Richard Faulkner’s incredible work on the doughboys of the American Expeditionary Forces (AEF) is imminently timely. …an extremely well researched and detailed account written by an Army veteran and World War I scholar…. It is based on the models of Bell Irvin Wiley’s The Life of Johnny Reb and The Life of Billy Yank, which makes it very readable and interesting…
Faulkner traces the steps of soldiers from their basic training until their discharge from active service. What should be readily apparent is that two million men of the AEF had two million perspectives of their experiences. While there are commonalities, the reader finds that each doughboy experienced something different as units were formed, broken apart, reformed, deployed, retrained, committed to action, committed to occupation duty, and then redeployed in different situations. Amazingly, most of this happened in the span of just over two years.
The Herculean efforts to raise, train, deploy, operate, and redeploy a huge force on very short timelines is a tribute to American know-how and ingenuity. What is also apparent is the total unpreparedness of the U.S. Army to fight in a modern, industrialized war. Faulkner covers the “down-side” of the doughboys’ experiences as well. The lack of trained leaders, the reliance on British and French trainers, the use of British and French armaments, and the complete unpreparedness to deal with chemical warfare are but a few of the issues covered….
Pershing’s Crusaders superbly adds to the body of knowledge regarding American soldiers and marines in World War I.
Abridged from the book review by Lt. Col. Edwin L. Kennedy Jr., U.S. Army, Retired and is reprinted with the permission of Military Review, the Professional Journal of the US Army, Combined Arms Center, Fort Leavenworth, Kansas. It was originally published in the June 2017 Military Review Online Book Review.
Histories of the Eastern Front in WW1 written and published in the West have relied upon German and Austrian sources, supplemented by writings of Russian exiles. David Stone was able to access Russian archives, including Soviet staff studies published after 1918, but he admits that some statistical data are still difficult if not impossible to obtain due to disorganized record keeping and the chaos of the revolution.
This is an illuminating and outstanding source book, as well as an engaging narrative of a major theater of the war not well known and underappreciated. Russia’s importance is evident in Germany’s decision to keep 47 of its 89 divisions in the East despite the launch of attacks in the West in the spring of 1918. Even in defeat, Russia played a role in weakening Germany’s offensive ability.
The review in The Journal of Military History noted that Stone “very deftly weaves into the narrative what the forces of the Central Powers were doing in reaction to and in anticipation of Russian strategy and tactics.”
This is the first book-length account of the Carpathian campaign of 1915, described by some as the “Stalingrad of the First World War.” It was also the first English-language account of WW1 Eastern Front military operations in more than 30 years.
Tunstall did research in Vienna’s and Budapest’s War Archives, and his narrative incorporates material drawn from eyewitness accounts, personal diaries, army logbooks, and correspondence among members of the high command. He shows that the roots of the Habsburg collapse in Russia in 1916 were established in the winter campaign of 1915. Its accolades and Tomlinson award were well deserved.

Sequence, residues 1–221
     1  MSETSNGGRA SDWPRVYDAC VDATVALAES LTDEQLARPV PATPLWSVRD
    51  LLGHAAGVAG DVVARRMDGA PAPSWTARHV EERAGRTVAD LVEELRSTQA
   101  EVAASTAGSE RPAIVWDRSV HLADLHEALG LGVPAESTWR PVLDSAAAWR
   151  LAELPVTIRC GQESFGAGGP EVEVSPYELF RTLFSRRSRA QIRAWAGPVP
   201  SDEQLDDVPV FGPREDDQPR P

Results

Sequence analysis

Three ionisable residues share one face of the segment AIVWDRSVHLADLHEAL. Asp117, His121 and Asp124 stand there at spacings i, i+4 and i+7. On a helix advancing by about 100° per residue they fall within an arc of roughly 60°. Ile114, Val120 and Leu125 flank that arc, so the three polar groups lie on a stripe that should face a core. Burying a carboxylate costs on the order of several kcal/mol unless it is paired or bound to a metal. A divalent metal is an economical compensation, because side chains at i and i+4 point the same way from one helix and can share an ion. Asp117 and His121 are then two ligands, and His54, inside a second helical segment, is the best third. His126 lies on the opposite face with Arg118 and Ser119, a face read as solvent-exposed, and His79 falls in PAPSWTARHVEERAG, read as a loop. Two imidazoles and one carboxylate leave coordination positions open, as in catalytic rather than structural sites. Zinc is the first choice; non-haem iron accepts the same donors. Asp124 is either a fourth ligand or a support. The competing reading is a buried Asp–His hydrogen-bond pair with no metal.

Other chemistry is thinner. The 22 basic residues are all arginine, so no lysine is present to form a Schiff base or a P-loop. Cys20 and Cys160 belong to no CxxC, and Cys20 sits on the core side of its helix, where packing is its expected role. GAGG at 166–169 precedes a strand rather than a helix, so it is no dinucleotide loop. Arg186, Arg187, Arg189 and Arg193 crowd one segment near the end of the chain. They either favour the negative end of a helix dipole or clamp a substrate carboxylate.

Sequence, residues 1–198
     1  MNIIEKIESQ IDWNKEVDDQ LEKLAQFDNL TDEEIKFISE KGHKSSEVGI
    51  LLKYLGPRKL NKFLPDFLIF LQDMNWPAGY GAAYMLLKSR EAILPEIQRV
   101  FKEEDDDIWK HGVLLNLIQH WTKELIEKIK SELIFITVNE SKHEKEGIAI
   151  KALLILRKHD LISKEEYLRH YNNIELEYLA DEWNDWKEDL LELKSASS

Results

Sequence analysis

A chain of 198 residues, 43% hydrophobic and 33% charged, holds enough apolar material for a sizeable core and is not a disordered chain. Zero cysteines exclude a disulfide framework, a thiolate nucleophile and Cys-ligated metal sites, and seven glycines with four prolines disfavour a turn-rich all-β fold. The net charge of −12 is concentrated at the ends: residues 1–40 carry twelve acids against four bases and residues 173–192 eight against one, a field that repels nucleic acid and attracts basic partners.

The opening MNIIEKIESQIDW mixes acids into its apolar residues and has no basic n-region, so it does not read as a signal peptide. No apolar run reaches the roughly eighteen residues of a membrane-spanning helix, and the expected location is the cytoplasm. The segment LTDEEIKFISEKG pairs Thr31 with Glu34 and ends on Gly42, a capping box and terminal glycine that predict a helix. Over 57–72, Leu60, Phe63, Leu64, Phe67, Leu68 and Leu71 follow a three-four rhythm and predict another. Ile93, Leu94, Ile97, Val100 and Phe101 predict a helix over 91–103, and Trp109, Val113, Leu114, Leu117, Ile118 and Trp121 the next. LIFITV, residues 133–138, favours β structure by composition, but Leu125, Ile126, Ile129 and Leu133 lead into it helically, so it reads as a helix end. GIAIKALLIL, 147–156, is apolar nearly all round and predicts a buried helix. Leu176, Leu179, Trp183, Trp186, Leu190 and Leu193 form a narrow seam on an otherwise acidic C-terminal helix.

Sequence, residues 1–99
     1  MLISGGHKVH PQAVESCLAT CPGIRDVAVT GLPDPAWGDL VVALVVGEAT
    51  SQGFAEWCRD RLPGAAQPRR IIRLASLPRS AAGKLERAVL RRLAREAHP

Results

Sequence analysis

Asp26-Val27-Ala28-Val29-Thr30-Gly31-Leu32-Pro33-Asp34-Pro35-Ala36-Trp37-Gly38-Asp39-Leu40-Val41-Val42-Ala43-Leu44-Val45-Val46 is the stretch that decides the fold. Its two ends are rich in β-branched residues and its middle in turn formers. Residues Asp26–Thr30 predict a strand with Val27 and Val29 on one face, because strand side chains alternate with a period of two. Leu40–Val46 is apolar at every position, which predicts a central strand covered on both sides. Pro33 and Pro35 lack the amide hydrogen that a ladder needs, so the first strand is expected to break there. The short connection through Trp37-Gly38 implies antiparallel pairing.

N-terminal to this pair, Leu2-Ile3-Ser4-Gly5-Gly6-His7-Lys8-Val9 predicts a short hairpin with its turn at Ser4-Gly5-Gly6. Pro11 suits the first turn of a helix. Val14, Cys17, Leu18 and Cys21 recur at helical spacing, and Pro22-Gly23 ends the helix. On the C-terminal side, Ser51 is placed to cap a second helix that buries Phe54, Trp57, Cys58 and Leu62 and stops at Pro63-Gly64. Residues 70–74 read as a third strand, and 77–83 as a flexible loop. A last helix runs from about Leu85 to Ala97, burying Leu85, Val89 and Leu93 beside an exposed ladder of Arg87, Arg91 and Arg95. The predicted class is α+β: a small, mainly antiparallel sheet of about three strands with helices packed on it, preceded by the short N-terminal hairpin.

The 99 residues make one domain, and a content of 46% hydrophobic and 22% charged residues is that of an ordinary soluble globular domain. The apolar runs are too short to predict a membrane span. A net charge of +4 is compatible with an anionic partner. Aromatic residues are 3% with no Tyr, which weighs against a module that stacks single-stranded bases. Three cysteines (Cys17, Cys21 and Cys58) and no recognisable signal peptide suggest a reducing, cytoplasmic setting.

Reviewed by Dana Lombardy, publisher of WWOI
The U.S. Army War College Quarterly Parameters: “The book is a detailed case study, based on extensive primary source research, of an attempt to devise a viable strategy to meet drastically-changed, unforeseen conditions with impending crisis….”
New York Military Affairs Symposium, NYMAS Review: “In giving a full account of the winter war, Tunstall has rendered a vital service to our understanding of World War I. This is a must book for experts and novices alike.”
Len's Summary: The Russian and Austro-Hungarian armies each suffered about a million casualties in this disastrous series of three offensives which paved the way for the disintegration of the Habsburg army. Dr. Tunstall is executive Director of Phi Alpha Theta, the national history honor society, and chairs WFA’s Undergraduate Essay Prize award panel.
Len's Summary: Combined German and Austro-Hungarian attacks quickly defeated the Romanian Army in 1916 obliging her allies to devote considerable force to staving off total Romanian collapse and attempting to prevent the Germans from seizing Romanian oil. One of a growing number books available in English on the Eastern Front and the Balkan Peninsula in WWI.
Len's Summary: The history of the ten thousand men, part of the Second Division AEF, who made up the only large Marine unit to fight in World War One. The author is a Marine veteran with several other books under his belt.
Len's Summary: Thanks in large measure to expert (and often bilingual) French instructors a core of four 28,000-man divisions of the American army was ready to join the French in blunting and then reversing the final German push on Paris at the Marne in July 1918. It is in the resounding German setback on the Marne of July 18, 1918 – not their August 8th defeat by the British at Amiens – that Bruce finds the beginning of the end for German arms on the Western Front.
Ambassador Shurtleff, a retired American Foreign Service officer who served as President of The World War One Historical Association and as a past President of The Western Front Association – U S Branch, passed away on January 22, 2014. This searchable version of Len’s Bookshelf has been created and will be maintained in his honor.